The western trainer where you are sounds a lot like my old trainer. He didn't use spurs, either, just seat and legs, and we all rode with two hands most of the time. Lifted and round without lifting the head means the hind end doesn't drop down as much/front end doesn't look as lifted - but it's still a type of collection if it really happens. For most of the horses n that video, it was not there at all.

With all the western trainers I have ridden with in the past, dressage was an absolutely necessary part of training. In fact, once I started riding dressage as a show discipline I didn't think I understood what half halts are, as I listened to how hard they are... but were something we always had to do. And when your horse is travelling on a loose rein, it sure better respect your seat if you want to attempt to ask it to round when it starts to drop its back!

Hevonen
Apr. 1, 2010, 10:00 PM
@netg - Hurray! Like I said, I can't speak for all trainers out there, but it's good to know at least some people understand that a REAL western pleasure horse drives from behind.

Actually, my western trainer does use spurs - as an aid in telling the horse to collect. I think everyone should ride a spur-trained horse once in their life, it's pretty cool! And man, some of the horses he's trained can REALLY lift their backs. Most people seem to think the western spurs are used to make a horse go, but the modern use is to ask them to collect. They're also used to tell a horse to stop from any gait. Squeeze your spurs on a horse that's spur trained, and you'd better have your heels down and your butt in that saddle, because they're gonna slam on the breaks (and a lot of them stop with their hind end tucked under them, too).

The youngsters who haven't really learned to go around on a long rein and respond correctly to leg/seat/spur aids to collect are ridden two-handed often in a snaffle bit, and lemme tell ya, they round up just like dressage horses. In fact, when he gets done with one of his current horses, maybe I'll just steal him for dressage...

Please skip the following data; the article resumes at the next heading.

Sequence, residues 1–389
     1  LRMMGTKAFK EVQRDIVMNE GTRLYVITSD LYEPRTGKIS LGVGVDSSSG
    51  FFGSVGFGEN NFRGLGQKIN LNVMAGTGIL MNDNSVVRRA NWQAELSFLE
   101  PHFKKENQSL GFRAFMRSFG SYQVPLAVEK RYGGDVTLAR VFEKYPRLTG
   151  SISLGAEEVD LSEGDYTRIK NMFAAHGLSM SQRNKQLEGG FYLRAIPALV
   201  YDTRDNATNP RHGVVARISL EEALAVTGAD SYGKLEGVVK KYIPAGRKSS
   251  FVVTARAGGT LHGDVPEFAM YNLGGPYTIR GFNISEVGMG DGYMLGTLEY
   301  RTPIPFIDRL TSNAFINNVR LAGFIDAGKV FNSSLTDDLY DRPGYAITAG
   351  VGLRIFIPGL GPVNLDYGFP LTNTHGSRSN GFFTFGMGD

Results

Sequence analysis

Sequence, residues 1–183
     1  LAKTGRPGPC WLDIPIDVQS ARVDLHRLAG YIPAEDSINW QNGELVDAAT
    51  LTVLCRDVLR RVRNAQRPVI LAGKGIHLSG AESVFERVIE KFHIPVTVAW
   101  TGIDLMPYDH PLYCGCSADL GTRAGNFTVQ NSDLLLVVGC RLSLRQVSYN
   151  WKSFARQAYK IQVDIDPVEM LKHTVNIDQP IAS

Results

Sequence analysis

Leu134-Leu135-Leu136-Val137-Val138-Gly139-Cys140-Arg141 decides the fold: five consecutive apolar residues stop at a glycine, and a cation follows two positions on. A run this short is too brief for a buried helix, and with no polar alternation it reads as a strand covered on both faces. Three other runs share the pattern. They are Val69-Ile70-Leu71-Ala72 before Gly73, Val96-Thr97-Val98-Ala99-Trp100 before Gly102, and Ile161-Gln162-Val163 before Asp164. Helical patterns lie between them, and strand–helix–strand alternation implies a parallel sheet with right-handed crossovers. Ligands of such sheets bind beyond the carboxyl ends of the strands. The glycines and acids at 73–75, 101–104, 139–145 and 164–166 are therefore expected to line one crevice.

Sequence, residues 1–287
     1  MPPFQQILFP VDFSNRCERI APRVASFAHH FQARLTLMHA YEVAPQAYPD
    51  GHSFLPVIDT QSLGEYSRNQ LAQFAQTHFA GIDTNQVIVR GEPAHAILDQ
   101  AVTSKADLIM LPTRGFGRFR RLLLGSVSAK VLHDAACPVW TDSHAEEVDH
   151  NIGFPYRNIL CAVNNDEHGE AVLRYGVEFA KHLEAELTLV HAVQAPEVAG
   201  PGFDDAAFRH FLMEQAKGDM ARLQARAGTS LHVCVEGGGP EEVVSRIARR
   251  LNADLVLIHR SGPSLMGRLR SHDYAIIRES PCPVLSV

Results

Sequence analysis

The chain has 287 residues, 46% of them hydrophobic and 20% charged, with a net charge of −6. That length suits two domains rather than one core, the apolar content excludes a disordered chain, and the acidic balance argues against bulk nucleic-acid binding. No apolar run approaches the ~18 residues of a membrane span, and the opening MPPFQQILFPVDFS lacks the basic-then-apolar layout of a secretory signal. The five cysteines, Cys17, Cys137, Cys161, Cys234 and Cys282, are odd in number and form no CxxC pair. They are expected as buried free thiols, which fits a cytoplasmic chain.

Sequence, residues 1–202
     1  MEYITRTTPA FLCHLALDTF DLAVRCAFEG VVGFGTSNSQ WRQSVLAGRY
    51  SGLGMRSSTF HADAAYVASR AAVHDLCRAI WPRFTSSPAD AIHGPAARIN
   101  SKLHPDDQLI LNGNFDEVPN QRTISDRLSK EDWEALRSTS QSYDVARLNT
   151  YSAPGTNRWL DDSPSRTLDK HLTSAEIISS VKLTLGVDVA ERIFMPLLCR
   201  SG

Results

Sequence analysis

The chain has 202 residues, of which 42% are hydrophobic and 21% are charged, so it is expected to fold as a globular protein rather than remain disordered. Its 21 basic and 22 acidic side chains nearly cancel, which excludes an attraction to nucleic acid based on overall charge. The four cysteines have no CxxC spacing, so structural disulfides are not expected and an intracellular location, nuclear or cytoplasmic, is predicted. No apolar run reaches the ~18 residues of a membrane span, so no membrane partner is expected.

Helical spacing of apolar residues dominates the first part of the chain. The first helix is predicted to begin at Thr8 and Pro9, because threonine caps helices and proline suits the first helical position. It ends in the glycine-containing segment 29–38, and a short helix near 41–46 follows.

Also, as a side note, I think NOMIOMI1 said the horses aren't straight? They don't travel straight, but they're supposed to be straight on an angle, if that makes sense? Their hips stay in, but they don't bend so that their front legs are straight and their hips are in like you would in haunches in. It's more like a slight leg yield down the rail, as I understand it. A western pleasure horses' body should be in a straight line with no counterflexing.

stoicfish
Apr. 2, 2010, 01:15 AM
Thank-you everyone for your input. I appreciate it. So to the people that say there is an element of collection - so do you see it in the video I linked to? And if so please explain. At the canter I noticed the horse having to use their heads to transfer weight to be able to get his front end up. It seems there is a lot of weight on the front end of these horses in the video?
BTW i also agree that not all extravagantly movement in horses is collected.

angel
Apr. 2, 2010, 06:15 AM
I guess you will have to put me in the camp that says the video does not show collection. Most of the horses are executing gaits that are impure. This tends to be true of many horses that are trained for strictly pleasure classes. I do not find it as true for horses that are well-trained for the working western classes.